Introduction: The calcifying epithelial odontogenic tumor (CEOT), also known as “Pindborg tumor”, is a benign odontogenic neoplasm that can be locally aggressive in nature and accounts for 0.4–3% of all odontogenic tumors. The mandible is affected twice as often as the maxilla, with a marked predilection for the premolar-molar-ramus region. CEOT is frequently associated with unerupted teeth, in particular mandibular molars. More than two thirds of tumors occur between the third and fifth decades of life and there is no gender predilection. A typical patient appears with a diffuse, slow-growing, painless mass in the jaw and rarely experiences any reportable symptoms such as pain or swelling. Radiologically, the lesions may show different features depending on the age of the lesion. Treatment options range from simple enucleation or curettage to radical and extensive resections. Recurrence rates between 14% and 22% have been reported. If the clinical, radiologic, and histologic profiles of the CEOT is now well defined, other questions such as treatment strategy or incidence of recurrence are still debatable, mostly because of the small number of lesions reported in the literature and lack of long-term follow-up. Treatment should be individualized for each lesion because of variations in the clinical and histologic features.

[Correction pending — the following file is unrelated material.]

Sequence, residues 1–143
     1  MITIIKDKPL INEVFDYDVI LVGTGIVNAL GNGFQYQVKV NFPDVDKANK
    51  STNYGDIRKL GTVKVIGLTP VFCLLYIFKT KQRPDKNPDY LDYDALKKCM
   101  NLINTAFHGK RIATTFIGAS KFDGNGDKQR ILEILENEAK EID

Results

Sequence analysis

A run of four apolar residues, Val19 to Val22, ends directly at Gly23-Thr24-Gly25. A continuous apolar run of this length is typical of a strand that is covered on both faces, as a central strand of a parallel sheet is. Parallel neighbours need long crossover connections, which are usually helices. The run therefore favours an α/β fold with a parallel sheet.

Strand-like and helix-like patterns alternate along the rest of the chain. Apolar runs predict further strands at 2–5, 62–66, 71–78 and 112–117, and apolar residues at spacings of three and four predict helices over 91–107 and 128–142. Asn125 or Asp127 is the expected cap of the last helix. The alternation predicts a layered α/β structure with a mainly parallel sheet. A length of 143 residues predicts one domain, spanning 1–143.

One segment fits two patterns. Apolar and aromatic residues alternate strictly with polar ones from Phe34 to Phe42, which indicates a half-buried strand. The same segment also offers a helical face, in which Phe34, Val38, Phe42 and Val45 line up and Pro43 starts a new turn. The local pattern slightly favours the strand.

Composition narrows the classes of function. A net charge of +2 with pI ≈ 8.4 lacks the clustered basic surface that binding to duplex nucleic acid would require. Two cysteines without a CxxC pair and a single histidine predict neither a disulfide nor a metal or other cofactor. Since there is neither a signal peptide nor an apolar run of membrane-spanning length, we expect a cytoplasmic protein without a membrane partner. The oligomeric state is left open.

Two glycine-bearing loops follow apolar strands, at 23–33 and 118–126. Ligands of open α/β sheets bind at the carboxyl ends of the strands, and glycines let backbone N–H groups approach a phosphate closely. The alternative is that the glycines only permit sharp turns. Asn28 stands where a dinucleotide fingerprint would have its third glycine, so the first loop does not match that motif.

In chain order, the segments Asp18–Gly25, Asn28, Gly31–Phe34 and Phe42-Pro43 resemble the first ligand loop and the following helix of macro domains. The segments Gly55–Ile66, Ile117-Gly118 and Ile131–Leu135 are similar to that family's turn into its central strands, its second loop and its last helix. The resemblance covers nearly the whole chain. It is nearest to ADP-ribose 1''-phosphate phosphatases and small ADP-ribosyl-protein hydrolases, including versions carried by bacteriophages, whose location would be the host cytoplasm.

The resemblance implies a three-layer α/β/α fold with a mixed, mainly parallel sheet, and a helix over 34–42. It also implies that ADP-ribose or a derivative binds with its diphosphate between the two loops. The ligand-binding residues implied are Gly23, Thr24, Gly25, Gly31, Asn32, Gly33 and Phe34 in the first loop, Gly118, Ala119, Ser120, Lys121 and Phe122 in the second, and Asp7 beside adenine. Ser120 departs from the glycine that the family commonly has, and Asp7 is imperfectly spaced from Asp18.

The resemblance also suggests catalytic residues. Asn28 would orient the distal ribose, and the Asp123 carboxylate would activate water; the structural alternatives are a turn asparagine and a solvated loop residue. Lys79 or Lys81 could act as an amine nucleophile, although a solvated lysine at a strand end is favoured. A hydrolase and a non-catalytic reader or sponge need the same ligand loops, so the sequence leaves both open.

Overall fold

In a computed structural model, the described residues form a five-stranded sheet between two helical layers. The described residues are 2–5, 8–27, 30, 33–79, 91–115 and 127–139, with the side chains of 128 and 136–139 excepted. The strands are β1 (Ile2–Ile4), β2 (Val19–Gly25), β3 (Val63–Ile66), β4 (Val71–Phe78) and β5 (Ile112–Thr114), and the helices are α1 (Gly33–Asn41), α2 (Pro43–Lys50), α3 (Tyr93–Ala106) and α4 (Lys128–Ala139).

Aim: In this presentation a calcifying epithelial odontogenic tumor in a 32-year-old patient at the right maxillary posterior region which is seen very rarely and its conservative treatment will be presented.
Conflict of interest: None declared.